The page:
Monday, 30 November 2015

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Nuclear store process finished in west Cumbria - Government

The Government has ruled out the prospect of an underground nuclear waste store being created in west Cumbria.

Eddie Martin photo
Eddie Martin, right and Stewart Young at today's meeting

Related: Replay our live coverage of the the council meetings

Energy secretary Ed Davey said they respected Cumbria council's decision not to go-ahead with the search for a suitable site.

Members of the county's cabinet voted 7-3 against proceeding at the end of a meeting lasting almost four hours in Carlisle.

That came after Copeland council's executive had earlier voted six to one in favour of moving to stage four of finding an underground site locally to house high-level nuclear waste.

It had been agreed that both county and borough councils needed to be in favour for the process to continue.

"As such, the current process will be brought to a close in west Cumbria," added Mr Davey. “We will now embark on a renewed drive to ensure that the case for hosting a GDF (geological disposal facility) is drawn to the attention of other communities.”

The county's decision followed an impassioned speech by leader Eddie Martin who urged members to vote against participation and instead "encourage the Government to make the necessary investment to improve surface storage facilities at Sellafield."

Mr Davey said that while the 'no' vote was disappointing, Cumbria would continue to play a central role in the energy and nuclear power sectors.

"I am confident that the programme to manage radioactive waste safely will ultimately be successful, and that the decisions made in Cumbria today will not undermine prospects for new nuclear power stations.

“We remain firmly committed to geological disposal as the right policy for the long-term, safe and secure management of radioactive waste. We also remain committed to the principles of voluntarism and a community-led approach," he added.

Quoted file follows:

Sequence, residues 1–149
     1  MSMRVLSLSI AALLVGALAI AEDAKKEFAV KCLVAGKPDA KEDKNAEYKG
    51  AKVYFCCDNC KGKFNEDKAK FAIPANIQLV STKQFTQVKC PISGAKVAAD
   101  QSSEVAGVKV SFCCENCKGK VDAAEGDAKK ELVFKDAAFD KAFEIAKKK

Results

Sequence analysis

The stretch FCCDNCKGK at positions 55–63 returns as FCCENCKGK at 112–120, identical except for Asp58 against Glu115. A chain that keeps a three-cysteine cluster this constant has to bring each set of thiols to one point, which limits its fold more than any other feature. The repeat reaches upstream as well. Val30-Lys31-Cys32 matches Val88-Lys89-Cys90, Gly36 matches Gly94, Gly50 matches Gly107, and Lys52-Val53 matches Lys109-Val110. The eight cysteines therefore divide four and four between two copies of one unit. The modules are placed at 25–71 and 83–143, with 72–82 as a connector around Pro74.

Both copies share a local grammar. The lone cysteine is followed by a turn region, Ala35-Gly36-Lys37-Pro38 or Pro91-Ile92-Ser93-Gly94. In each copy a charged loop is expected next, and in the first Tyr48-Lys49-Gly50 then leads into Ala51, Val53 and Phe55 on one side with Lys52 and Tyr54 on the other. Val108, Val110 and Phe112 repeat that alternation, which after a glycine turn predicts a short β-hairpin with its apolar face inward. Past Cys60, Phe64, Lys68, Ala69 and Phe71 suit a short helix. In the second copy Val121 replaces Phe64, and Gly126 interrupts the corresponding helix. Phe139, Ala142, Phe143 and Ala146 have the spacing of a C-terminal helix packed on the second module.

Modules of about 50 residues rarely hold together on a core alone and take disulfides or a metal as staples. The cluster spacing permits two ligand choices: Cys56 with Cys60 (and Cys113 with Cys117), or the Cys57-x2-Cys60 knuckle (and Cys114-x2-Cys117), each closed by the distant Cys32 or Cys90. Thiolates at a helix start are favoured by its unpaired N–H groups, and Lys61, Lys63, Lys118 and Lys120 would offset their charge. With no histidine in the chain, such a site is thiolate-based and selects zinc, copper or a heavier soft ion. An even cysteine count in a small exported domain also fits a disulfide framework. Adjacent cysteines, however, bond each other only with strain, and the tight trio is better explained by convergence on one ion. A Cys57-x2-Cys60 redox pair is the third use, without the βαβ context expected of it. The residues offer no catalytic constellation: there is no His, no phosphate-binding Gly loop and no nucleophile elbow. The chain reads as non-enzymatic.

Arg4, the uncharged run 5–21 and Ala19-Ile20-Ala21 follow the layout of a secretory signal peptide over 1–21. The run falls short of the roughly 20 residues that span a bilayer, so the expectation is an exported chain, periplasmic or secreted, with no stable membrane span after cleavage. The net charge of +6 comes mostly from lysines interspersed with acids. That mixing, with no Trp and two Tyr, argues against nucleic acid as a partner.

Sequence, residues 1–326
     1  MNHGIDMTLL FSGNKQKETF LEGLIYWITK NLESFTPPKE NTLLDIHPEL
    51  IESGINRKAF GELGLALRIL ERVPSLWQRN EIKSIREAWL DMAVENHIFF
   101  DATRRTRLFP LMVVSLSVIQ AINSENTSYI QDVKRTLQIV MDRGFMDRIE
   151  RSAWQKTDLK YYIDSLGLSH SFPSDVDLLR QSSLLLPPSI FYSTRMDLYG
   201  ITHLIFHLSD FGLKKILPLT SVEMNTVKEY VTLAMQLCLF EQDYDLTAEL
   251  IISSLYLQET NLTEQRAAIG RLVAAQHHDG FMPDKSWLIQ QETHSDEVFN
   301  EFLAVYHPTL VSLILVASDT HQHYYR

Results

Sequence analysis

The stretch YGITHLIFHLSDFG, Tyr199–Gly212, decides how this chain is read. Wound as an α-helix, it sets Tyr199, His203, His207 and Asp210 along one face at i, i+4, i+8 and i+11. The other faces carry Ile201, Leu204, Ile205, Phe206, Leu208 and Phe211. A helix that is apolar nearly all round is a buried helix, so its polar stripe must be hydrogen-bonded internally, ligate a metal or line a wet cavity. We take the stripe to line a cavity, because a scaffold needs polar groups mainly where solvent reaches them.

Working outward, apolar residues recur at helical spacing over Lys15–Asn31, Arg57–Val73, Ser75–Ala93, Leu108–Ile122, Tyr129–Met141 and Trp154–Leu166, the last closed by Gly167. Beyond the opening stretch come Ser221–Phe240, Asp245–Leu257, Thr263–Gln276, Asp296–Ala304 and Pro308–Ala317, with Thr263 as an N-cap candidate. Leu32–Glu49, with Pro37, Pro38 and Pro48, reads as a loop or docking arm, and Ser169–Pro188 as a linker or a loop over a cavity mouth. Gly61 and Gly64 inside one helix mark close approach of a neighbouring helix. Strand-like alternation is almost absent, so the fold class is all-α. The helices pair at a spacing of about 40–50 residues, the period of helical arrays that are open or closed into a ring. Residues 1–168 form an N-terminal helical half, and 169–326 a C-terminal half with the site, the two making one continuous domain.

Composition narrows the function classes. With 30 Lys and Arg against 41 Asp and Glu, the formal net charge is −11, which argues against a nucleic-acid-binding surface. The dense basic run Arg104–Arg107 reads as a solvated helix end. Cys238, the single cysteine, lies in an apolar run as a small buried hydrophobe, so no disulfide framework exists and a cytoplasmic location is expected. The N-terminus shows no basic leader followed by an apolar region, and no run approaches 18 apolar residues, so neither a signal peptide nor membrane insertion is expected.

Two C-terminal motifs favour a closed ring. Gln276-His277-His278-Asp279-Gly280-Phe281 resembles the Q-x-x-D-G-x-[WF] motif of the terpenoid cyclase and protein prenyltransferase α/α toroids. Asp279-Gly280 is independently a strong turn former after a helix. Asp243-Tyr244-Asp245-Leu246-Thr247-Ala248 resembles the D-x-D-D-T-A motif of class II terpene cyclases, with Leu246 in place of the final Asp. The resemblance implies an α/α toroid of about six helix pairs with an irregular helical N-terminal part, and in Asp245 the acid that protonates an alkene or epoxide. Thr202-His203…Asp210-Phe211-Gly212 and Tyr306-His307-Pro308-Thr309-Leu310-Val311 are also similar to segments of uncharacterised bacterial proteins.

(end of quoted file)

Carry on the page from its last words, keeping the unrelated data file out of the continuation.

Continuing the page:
Speaking after today's meeting, Mr Martin said: “Cabinet believes there is sufficient doubt around the suitability of west Cumbria’s geology to put an end now to the uncertainty and worry this is causing for our communities. Cumbria is not the best place geologically in the UK – the Government’s efforts need to be focused on disposing of the waste underground in the safest place, not the easiest.

“Members have remained concerned throughout on the issue of the legal right of withdrawal if we proceed to the next stage. Despite assurances from Government that they intend to introduce this as primary legislation, we do believe that this could have been done far sooner to ease our concerns. The fact remains the right of withdrawal is not yet enshrined in statute and we could not take the risk of saying yes today without this being absolutely nailed down.

“Cumbria has a unique and world-renowned landscape which needs to be cherished and protected. While Sellafield and the Lake District have co-existed side by side successfully for decades, we fear that if the area becomes known in the national conscience as the place where nuclear waste is stored underground, the Lake District’s reputation may not be so resilient."

Deputy leader Stewart Young added the case for investment at Sellafield was now more pressing than ever.

"We had always raised concerns over the lack of any 'plan B' from Government and the fact that west Cumbria was the only area to express an interest in the process left the Government with few options if we decided not to proceed.

"It is now time for the Government to secure the long-term future of the nuclear industry and put in place robust storage arrangements at Sellafield while it decides how to continue the search for a repository elsewhere in the UK."

Elaine Woodburn told a meeting of Copeland council's executive: "I don't know whether a geological disposal facility is right for Copeland - and if the next stage finds that it's not then I will be the first to say we don't want it. But we have taken the right decision today to try and find out."

Stage four involves desktop studies and are expected to last between four and five years and the meeting heard that no precise locations can be identified until this takes place.

Councillors were given assurances that Copeland can opt out of the process right up to the point of construction.

Allerdale council's executive this afternoon voted 5-2 in favour of going to stage four.

Have your say

Fantastic news, a great weight off peoples shoulders. What was the point of spending more money in stage 4 to find the perfect site, (assuming the experts in the BGS were idiots and got all there previous studies wrong) and then not being able to proceed with the build because the majority of people oppose the very idea.

Lets wait and see how many others come forward to accept this, there are some deprived areas down south but even they won't be bribed into having this dumped on them.

Posted by Roy on 13 February 2013 at 20:11

I see you all still dont get it,everyone was happy before the vote,, Because you all thought it was a done deal to move to stage 4,,CCC represents the whole of Cumbria,,Thank goodness we have level headed people on the Council who locked at it from more than false promises..Now can we get all the dummys picked up of the road out of Whitehaven,its taken an age to get home,,,,,

Posted by Bill on 6 February 2013 at 13:12

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